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Jan 25, 2010
Fencing moves in kendo
by: awall

Yes sensei, those were fencing terms. 

In debana waza for example (if I understand the actions correctly) a fencer seeing the action of moving the sword from the right side of the opponents blade to the left by going over the top of the opponents blade would recognize the action as a "coupe" in fencing. 

Or the action of moving your target area by, say, side stepping your opponents attack and at the same time launching your own attack is a "counter attack" in fencing. 

The similarities are interesting but the differences are important. 

Thank You for the story of Mori Sensei.  It highlights the similarities that allowed him to learn quickly but he did have to learn due to the differences. 
Thank you again sensei for all the direction you give those of us trying to do kendo correctly.

Kendo-Guide.Com: It is my great pleasure.  I am learning a lot too. :) And thank you for your explanation.  What interests me is that I can have a clear image of what you described.

Jan 23, 2010
Fencing and Kendo
by: awall

Can one use fencing moves in kendo?  I think that this question has many roots. 

I have done kendo and fencing for close to 20 years and have competed a lot in fencing.  So far I have found that many of the individual actions that a sword can do are the same in kendo and fencing. 

Using the bokuto waza for example: single cuts (simple attacks), continuous cuts (attack, compound attacks and remise), harai waza (beat attacks), hiki waza (body contact: a penalty in fencing), nuki waza (counter attacks), suriage waza (parries), debana waza (disengages and coupes), kaeshi waza (bait and counter), and uchiotoshi waza (taking over the attack with distance). 

Even tactical plans such as the tactical wheel transfer over.  But, as sensei has pointed out there are differences. 

Some of these are:

1. You must hit correct target. 

2. You must use kendo's form of right of way (stance, zanshin etc.) 

3. You must have their approach to sparring (attack into preparation and attack now parry later are some examples) and very importantly keep it kendo. 

As kendo goes international some changes may occur.  But how much change can it take before it stops being kendo?  We want to avoid that.  For your personal sword growth mix, match and grow.  But for the arts and tradition, keep them separate. 

Finally, kendo, kenjutsu, iaido and Olympic fencing are all handed down from over 500 years ago with only a few changes.  I would learn swordsmanship from the sources that have the "moves" from when people used to use swords for personal protection instead of trying to reinvent the wheel by interpreting some old scroll on your own.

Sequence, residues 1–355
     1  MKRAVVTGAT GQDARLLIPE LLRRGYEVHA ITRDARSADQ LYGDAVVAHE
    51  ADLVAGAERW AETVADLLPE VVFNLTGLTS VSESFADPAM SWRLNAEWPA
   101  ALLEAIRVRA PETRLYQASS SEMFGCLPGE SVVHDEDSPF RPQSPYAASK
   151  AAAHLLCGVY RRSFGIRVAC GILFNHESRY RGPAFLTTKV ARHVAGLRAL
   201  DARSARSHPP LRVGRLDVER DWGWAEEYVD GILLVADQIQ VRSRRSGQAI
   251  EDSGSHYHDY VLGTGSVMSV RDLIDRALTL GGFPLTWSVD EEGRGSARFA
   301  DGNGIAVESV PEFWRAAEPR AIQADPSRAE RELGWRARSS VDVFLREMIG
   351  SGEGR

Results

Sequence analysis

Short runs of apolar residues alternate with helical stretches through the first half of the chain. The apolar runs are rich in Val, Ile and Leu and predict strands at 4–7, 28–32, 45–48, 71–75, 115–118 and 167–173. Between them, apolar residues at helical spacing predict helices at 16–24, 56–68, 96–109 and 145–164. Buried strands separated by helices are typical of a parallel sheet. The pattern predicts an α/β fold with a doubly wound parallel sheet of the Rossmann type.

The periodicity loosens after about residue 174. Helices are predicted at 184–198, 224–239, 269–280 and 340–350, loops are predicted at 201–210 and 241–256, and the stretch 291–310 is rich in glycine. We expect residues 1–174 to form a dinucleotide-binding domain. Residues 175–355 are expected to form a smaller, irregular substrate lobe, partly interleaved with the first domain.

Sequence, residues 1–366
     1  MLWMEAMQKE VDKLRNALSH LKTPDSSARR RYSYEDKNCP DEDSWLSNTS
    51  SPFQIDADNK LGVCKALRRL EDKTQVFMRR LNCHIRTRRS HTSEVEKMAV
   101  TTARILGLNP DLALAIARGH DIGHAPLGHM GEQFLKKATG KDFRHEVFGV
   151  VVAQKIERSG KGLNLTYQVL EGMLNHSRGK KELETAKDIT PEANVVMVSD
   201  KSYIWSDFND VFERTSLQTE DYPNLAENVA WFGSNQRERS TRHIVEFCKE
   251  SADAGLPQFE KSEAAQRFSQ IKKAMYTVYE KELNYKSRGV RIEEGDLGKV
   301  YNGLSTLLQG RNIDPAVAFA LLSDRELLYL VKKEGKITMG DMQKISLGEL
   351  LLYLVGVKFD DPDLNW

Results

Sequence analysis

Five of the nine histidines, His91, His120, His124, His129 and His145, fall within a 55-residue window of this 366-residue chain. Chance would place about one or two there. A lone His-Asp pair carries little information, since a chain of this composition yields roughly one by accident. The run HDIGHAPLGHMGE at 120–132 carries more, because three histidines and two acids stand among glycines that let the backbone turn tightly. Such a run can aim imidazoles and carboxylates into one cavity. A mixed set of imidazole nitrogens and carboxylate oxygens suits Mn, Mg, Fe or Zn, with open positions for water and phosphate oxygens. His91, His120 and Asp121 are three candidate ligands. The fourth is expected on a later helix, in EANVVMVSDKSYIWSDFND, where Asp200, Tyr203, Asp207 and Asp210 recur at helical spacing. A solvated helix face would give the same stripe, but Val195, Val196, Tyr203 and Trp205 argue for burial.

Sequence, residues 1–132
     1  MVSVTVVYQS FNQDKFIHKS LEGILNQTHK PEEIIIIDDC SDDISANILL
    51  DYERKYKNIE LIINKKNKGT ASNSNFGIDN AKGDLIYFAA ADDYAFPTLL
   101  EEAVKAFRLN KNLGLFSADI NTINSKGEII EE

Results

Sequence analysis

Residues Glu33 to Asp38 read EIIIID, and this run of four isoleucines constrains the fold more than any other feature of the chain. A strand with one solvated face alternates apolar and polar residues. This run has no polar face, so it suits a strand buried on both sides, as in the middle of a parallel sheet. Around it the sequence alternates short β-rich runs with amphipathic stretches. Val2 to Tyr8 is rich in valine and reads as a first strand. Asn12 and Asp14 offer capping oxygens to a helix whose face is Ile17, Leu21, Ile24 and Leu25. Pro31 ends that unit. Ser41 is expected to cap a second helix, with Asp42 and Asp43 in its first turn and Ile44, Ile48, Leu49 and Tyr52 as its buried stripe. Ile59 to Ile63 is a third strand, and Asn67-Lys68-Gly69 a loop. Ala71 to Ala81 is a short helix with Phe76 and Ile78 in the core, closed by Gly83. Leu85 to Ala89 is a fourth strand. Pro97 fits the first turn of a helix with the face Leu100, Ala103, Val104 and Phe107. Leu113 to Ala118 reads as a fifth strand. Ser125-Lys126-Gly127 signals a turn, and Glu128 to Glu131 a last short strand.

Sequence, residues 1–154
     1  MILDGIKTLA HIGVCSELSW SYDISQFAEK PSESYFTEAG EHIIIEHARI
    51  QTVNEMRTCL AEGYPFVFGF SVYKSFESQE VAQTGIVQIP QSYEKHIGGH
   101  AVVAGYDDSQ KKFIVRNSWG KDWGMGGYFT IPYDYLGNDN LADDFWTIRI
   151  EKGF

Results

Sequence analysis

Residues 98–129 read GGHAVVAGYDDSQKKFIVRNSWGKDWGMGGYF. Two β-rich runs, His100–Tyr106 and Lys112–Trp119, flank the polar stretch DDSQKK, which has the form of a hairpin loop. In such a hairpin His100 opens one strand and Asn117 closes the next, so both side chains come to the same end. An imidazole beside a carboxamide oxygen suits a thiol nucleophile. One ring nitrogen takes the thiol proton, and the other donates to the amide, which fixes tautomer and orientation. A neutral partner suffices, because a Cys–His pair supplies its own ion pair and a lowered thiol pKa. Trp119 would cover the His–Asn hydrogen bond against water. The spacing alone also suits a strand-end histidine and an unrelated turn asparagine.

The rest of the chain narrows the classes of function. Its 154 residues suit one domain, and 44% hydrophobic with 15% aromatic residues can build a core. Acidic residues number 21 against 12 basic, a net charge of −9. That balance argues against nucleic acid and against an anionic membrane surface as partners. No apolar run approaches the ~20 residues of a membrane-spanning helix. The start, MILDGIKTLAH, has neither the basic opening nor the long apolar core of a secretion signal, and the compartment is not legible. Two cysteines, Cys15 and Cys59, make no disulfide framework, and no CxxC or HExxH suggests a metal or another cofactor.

I have seen too many "historical" fencers demonstrate moves they got from ancient documents and which we in kendo, iaido, kenjutsu and fencing teach on a daily basis. 

I hope this helps. If there is confusion I hope that I can clarify.

Kendo-Guide.Com: Thank you for your explanation.  It is very interesting to see how you expressed the techniques such as debana waza. Did you try to explain with fencing terms?

The story of late Mori sensei, who was one of the best kendoists in Japan and became a US Champion in fencing, tells us that kendo and fencing were quite different. Even he was defeated at the beginning.

He tried to do fencing like kendo. Of course, in the fencing rules, it didn't matter how good he was in kendo, he was just a beginner.

However, he could learn fencing moves quite quickly and became a champion. That is outstanding, I think.

Kendo and fencing are derived from sword fighting. But they are different.

Jan 15, 2010
by: Anonymous

Thanks for your reply. 

Fencing.. yep mostly thrusting and parries... not slashes.  I don't have a lot of internet access so when I typed up the first question it was kinda awkward and I didn't notice till you responded.  I'll be a little more specific on the fencing kendo question. 

Historical fencing deals a lot with point control for accurate thrusting and the like.  Does a thrust (tsuki) have to be targeted at the neck or can I place the strike where I want for the best effect, for example.  Could I thrust to the kote to force the shinai away for a better position into a do strike, or whatever?

Answer: I see.  Tsuki should be executed to the throat, where the protector is.  You cannot execute a thrust to kote but you can do something to move your opponent's shinai away so it is not in your way.

In other words, since we do not have a thrust to men, kote or do, we cannot execute a thrust to make an opening.  However, we can put pressure to our opponent as he/she thinks that we are striking his/her kote.  Then we strike his/her men.

We can fake out our movements.  For example, we pretend to strike men but strike kote instead.  When people are young and are into shiai (matches) they do such things.  But as time goes by, we grow out of it.

After all, kendo is not about gaining points.  We are there at the dojo to be struck so we can learn our weakness, not only of our kendo but also of our mind.  So I do not recommend such feints, if you really want to learn kendo.

Hope this helps.

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